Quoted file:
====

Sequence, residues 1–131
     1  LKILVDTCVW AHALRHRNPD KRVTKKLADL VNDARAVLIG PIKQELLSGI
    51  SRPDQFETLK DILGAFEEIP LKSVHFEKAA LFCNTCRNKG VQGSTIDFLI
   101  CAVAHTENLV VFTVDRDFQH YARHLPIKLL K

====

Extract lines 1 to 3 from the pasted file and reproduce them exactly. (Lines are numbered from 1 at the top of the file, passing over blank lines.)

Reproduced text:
Sequence, residues 1–131
     1  LKILVDTCVW AHALRHRNPD KRVTKKLADL VNDARAVLIG PIKQELLSGI
    51  SRPDQFETLK DILGAFEEIP LKSVHFEKAA LFCNTCRNKG VQGSTIDFLI